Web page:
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So I am aware that the eugenol in clove oil readily melts #6 type plastic (polystyrene). Polypropylene has a higher resistance, while HDPE type plastics seem to have the highest resistance.

My main question is whether the clove oil will interact with nylon. Say, the bristles of a toothbrush.

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    $\begingroup$ I would search for plastics/solvent resistence table, looking for aromatic hydrocarbons and their derivates. If eugenol is not used in pure form, it would be strongly affected by the composition of mixture. $\endgroup$ – Poutnik Dec 14 '19 at 12:09
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Nylon 612, primarily used for filaments and toothbrushes, is resistant to clove oil at 20 °C [1, p. 2034]:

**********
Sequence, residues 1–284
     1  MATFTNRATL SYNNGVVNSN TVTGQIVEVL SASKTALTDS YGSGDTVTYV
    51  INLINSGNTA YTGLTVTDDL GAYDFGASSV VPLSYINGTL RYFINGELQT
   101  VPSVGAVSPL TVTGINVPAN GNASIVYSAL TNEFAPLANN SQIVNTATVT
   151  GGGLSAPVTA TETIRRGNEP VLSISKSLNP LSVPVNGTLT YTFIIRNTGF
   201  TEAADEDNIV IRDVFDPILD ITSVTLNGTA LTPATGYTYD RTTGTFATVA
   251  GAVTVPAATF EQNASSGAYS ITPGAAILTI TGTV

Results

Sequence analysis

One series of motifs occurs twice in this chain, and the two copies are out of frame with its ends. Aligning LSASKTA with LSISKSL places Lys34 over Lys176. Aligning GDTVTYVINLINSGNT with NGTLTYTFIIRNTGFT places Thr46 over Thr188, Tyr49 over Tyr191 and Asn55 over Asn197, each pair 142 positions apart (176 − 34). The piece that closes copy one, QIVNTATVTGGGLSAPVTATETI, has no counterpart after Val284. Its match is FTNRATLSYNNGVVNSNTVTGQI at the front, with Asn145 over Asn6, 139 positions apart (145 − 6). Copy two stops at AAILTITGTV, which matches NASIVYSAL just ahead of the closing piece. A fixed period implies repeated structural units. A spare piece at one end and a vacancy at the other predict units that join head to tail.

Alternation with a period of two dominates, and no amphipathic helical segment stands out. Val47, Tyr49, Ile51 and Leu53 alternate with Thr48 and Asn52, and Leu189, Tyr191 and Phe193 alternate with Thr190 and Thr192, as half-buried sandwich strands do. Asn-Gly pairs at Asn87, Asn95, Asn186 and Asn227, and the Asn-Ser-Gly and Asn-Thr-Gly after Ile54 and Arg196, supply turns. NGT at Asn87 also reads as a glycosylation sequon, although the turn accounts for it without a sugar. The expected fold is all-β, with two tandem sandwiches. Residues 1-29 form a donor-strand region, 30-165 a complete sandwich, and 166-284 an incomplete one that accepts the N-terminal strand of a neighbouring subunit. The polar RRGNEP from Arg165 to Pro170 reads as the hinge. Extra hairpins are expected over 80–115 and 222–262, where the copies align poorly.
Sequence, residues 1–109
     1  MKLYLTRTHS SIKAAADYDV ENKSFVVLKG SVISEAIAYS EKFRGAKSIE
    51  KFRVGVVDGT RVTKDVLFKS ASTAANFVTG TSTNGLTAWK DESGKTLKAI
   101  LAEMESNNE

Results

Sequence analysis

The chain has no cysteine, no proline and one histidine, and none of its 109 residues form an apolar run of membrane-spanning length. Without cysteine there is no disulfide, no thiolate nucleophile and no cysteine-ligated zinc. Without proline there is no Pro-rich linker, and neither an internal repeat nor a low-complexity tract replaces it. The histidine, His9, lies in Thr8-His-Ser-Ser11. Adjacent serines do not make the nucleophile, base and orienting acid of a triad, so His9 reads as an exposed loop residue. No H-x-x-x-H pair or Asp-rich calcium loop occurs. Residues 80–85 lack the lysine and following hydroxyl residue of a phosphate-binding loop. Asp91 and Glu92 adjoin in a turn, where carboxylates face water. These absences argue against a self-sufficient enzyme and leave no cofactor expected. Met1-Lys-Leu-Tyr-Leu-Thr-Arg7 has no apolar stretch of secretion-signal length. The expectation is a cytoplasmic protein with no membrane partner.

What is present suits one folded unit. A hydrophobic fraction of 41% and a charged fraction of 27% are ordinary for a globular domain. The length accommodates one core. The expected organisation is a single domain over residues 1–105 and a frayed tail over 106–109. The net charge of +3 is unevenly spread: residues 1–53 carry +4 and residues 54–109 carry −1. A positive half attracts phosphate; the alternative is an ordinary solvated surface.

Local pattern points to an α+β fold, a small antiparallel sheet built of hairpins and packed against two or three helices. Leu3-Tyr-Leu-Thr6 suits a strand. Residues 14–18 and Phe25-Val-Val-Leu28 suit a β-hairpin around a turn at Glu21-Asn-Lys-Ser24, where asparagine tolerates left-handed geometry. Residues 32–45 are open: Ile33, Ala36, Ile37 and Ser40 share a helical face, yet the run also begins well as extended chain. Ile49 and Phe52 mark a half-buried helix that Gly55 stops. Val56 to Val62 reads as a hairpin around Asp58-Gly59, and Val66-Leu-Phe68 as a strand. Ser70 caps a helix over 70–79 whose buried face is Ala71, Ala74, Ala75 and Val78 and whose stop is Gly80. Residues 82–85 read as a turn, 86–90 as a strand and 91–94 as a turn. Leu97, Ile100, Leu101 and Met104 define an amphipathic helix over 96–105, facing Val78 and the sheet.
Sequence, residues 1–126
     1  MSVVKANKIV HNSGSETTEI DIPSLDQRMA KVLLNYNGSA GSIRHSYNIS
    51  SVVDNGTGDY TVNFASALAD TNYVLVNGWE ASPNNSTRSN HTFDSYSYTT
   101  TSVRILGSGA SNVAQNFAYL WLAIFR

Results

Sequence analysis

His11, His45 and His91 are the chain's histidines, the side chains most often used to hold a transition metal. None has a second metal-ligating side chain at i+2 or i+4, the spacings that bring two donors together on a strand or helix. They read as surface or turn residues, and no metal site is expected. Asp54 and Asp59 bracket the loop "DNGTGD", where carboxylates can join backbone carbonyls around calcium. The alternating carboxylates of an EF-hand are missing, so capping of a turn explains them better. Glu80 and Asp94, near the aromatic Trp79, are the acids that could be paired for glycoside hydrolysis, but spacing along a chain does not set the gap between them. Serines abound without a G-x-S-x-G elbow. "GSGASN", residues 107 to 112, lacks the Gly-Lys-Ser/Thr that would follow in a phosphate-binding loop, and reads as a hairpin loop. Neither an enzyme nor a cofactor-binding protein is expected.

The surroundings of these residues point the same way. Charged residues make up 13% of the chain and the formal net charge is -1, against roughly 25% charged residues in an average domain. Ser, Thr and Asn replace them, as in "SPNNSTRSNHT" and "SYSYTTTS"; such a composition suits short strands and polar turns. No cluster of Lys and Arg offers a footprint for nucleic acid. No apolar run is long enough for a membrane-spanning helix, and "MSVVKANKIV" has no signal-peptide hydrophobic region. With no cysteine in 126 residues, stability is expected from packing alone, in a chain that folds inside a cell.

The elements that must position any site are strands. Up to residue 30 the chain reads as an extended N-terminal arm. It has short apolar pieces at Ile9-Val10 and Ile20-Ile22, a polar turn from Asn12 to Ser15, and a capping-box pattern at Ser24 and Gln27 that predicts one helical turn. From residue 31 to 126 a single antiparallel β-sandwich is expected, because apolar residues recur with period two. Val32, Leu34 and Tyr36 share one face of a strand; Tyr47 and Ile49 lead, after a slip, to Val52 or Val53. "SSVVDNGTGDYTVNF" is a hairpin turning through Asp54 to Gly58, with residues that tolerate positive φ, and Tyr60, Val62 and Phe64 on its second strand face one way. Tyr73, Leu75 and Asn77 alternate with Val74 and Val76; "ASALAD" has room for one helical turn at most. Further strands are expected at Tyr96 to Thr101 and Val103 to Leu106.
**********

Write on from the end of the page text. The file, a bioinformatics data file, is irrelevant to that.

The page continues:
Screenshot of data from p. 2034 from Chemical Resistance of Thermoplastics

Nylon 12, used for coatings, is also resistant to clove oil at 20 °C [1, p. 1829]:

Screenshot of data from p. 1829 from Chemical Resistance of Thermoplastics

The tech data on nylon at newmantools.com also suggests there is no effect of clove oil on nylon in general.

References

  1. Chemical Resistance of Thermoplastics; Woishnis, W. A., Ebnesajjad, S., Eds.; PDL handbook series; William Andrew: Norwich, N.Y, 2012. ISBN 978-1-4557-7896-6.
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